1. Yes, the petitions are ripe for adjudication. The failure of the respondents to consult the
local government units or communities affected constitutes a departure by respondents
from their mandate under EO No. 3. Moreover, the respondents exceeded their authority by
the mere act of guaranteeing amendments to the Constitution. Any alleged violation of the
Constitution by any branch of government is a proper matter for judicial review.
As the petitions involve constitutional issues which are of paramount public interest or of
transcendental importance, the Court grants the petitioners, petitioners-in-intervention and
intervening respondents the requisite locus standi in keeping with the liberal stance adopted
in David v. Macapagal- Arroyo.

In Pimentel, Jr. v. Aguirre, this Court held:


x x x [B]y the mere enactment of the questioned law or the approval of the
challenged action, the dispute is said to have ripened into a judicial controversy
even without any other overt act . Indeed, even a singular violation of the Constitution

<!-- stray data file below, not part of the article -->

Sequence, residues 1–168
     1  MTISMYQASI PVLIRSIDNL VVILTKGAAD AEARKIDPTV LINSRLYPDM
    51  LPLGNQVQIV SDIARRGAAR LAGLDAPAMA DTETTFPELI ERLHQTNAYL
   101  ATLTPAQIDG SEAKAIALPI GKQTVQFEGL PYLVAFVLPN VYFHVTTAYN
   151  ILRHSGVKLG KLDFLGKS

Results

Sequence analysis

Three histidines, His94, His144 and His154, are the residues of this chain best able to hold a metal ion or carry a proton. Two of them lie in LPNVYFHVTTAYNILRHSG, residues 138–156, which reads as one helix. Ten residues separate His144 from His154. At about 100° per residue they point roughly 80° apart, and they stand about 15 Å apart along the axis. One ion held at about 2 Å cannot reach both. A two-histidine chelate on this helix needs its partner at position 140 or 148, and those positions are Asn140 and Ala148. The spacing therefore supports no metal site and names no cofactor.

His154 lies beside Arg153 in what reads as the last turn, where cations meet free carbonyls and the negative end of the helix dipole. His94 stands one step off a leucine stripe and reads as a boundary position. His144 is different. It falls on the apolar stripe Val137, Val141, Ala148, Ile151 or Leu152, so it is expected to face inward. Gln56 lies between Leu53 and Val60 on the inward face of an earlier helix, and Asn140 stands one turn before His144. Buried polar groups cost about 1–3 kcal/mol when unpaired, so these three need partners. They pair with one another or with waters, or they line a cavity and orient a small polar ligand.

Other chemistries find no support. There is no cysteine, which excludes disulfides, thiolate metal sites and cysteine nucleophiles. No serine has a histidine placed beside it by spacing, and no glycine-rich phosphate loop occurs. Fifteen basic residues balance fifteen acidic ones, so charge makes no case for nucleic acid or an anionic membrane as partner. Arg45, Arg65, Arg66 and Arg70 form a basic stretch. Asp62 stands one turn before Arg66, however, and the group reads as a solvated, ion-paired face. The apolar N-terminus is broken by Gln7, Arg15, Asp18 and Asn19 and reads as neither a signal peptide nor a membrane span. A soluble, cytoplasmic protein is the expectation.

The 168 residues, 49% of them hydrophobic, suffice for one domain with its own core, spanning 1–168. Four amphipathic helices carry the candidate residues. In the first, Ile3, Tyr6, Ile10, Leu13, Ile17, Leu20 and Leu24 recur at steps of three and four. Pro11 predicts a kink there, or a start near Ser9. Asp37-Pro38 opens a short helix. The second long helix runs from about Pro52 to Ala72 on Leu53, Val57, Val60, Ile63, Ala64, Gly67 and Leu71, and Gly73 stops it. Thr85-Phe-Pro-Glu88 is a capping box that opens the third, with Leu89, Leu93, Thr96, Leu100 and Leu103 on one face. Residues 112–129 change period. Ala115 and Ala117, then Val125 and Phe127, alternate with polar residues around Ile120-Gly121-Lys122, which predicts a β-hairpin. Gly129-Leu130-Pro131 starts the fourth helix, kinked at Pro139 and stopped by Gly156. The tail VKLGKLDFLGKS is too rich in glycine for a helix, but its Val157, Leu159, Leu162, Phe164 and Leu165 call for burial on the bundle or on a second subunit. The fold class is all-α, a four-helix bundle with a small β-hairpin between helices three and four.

and/or the law is enough to awaken judicial duty.x x x x
By the same token, when an act of the President, who in our constitutional scheme is a
coequal of Congress, is seriously alleged to have infringed the Constitution and the laws x x
x settling the dispute becomes the duty and the responsibility of the courts.
That the law or act in question is not yet effective does not negate ripeness.
2. Yes. The Court finds that there is a grave violation of the Constitution involved in the
matters of public concern (Sec 7 Art III) under a state policy of full disclosure of all its
transactions involving public interest (Art 2, Sec 28) including public consultation under RA
7160 (Local Government Code of 1991).
(Sec 7 ArtIII) The right to information guarantees the right of the people to demand
information, while Sec 28 recognizes the duty of officialdom to give information even if
nobody demands. The complete and effective exercise of the right to information